Benedict Joseph Labre, Saint - Frenchman, longed to be a monk but spent the last thirteen years of his life as a pilgrim. He died in Benedict of Nursia, Saint - Long article on the founder of Western monasticism, and on his Rule Benedict, Medal of - A medal, originally a cross, dedicated to the devotion in honour of St. Benedict Benedict, Rule of Saint - Lengthy article on the text of the Rule and its composition, some analysis, and practical application Benedictine Order - Comprises monks living under the Rule of St. Benedict, and commonly known as 'black monks' Benediction of the Blessed Sacrament - Description of the basics of this popular devotion.
Deorum injuriae diis curae the gods take care of injuries to the gods Emperor Tiberius 42 BC -AD 37cited by Tacitus, Annals of Imperial Rome Before Christianity, Greek and Roman believers had been content to allow their gods to take care of themselves if they were insulted. Early Christians had taken full advantage of this tolerance to revile those gods.
But Christianity was not willing to extend the same sort of tolerance when it took over the reins of imperial power. It was no longer permissible to believe in other gods, and neither was it permissible not to believe in God at all.
No dissent or criticism could be tolerated. All citizens had to come into the Christian fold, whether they wanted to or not. To deny Christianity was to blaspheme it, and blasphemy was a crime against God. The codification of Roman law carried out by the Christian Emperor Justinian in the sixth century was clear.
According to his Corpus Juris Civilis, famine, earthquakes and pestilence were attributable to God's wrath, induced by a failure to punish blasphemers.
This was exactly the opposite of what had been believed years earlier, when Christians had been blamed for the wrath of the gods. The difference was that now the punishment for blasphemy, fixed by the Code of Justinian, was death.
Freethought, the rejection of supernatural religion, along with its assumptions and authorities, developed slowly. Dissenting voices were silenced by the threat of death, so they remained silent through the Middle Ages. The path that led to these voices being permitted to speak once again started during the Renaissance.
It became possible to deny the doctrines of Christianity step by step over several centuries. We have seen that various proto-Protestant groups doubted mainstream Christian teachings from the twelfth century. Their Protestant successors denied various Roman doctrines from the sixteenth.
Anabaptists and Adventists denied even more.
In this section we will trace the path by which it became permissible to express even greater degrees of religious doubt, and by which people in the twentieth century came to enjoy the same freedoms that their ancestors enjoyed before the advent of Christianity.
Blasphemy The term blasphemer was applied to anyone who disagreed with the current line taken by the Church hierarchy. Blasphemers were liable to a range of punishments that tended to stop them repeating their offence. For trivial cases they had their lips cut off, or were burned through the tongue, or had their tongue cut out, or torn out.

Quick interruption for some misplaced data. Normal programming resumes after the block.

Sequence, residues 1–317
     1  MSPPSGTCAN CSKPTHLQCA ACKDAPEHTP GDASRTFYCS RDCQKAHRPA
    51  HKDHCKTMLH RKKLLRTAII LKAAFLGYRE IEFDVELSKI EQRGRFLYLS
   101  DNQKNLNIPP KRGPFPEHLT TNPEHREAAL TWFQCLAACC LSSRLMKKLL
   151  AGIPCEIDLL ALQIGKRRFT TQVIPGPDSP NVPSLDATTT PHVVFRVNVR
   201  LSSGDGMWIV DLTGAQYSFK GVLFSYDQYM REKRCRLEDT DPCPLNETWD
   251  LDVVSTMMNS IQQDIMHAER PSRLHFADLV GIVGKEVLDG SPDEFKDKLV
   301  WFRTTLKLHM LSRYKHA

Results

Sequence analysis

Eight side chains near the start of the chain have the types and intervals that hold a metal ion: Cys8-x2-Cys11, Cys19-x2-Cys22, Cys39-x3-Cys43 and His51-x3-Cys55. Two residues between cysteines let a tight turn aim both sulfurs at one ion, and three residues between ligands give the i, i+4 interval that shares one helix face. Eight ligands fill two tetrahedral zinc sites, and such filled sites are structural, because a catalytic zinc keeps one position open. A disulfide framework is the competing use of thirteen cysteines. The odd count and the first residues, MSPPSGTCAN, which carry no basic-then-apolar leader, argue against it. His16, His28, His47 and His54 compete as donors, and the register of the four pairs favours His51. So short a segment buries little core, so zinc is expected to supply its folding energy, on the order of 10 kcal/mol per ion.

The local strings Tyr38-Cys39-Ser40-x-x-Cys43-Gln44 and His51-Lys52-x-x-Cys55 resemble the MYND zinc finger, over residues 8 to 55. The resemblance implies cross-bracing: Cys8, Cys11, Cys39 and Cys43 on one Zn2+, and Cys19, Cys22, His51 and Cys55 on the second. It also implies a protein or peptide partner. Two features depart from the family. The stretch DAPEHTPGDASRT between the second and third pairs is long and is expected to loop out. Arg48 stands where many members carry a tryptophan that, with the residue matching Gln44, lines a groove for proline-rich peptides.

For more serious cases they could also be sentenced to a quick death execution or a slow one imprisonment on a diet of bread and water.
St Thomas Aquinas regarded blasphemers as heretics, and heretics as blasphemers. For him heresy and blasphemy amounted to the same thing. Like a long line of influential theologians before him, stretching back to St Augustine, he advocated the death penalty for offenders 1and this was the prevailing view of Protestant as well as Roman Catholic scholars.
The consensus was that there was no choice in the matter because God had been explicit: And he that blasphemeth the name of the Lord, he shall surely be put to death, and all the congregation shall certainly stone him: Many Christians advocated death for blasphemers by stoning, in accordance with Leviticus, but the law never adopted this method of execution, despite its being advocated by bishops and judges.In the same year as Aikenhead was hanged, the Government passed An Act Against Atheism and Blasphemy for the Massachusetts Bay Colony, under King William III.
Punishments included sitting in the pillory, whipping and having the tongue bored through with a red hot iron, and sitting on the gallows with a rope around the neck, as well as up to six months in gaol. Free Essay on “Slow and Steady Wins the Race” – The modern life is a life of rush and hurry, stress and strain.
The world has grown so materialistic that everybody wants to make a quick buck by hook or by crook, even by throwing all norms of truth, sincerity, love, kinship, friendship, etc. to [ ]. One evening over dinner, I began to joke, as I often had before, about writing an essay called “Men Explain Things to Me.” Every writer has a stable of ideas that never make it to the racetrack, and I’d been trotting this pony out recreationally every once in a while.
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Sep 11, · Campus Watch demands academic integrity in North American Middle East studies (MES) programs. It reviews and critiques MES bias with the aim of improving education – keeping watch on scores of professors at hundreds of universities.
The literature of an age, and its social set up keeping and reacting one over the other. Literature influences the society; society is reflected in Literature and in this way, in all languages and at all times there has been a close interaction between the two.
Literature of any .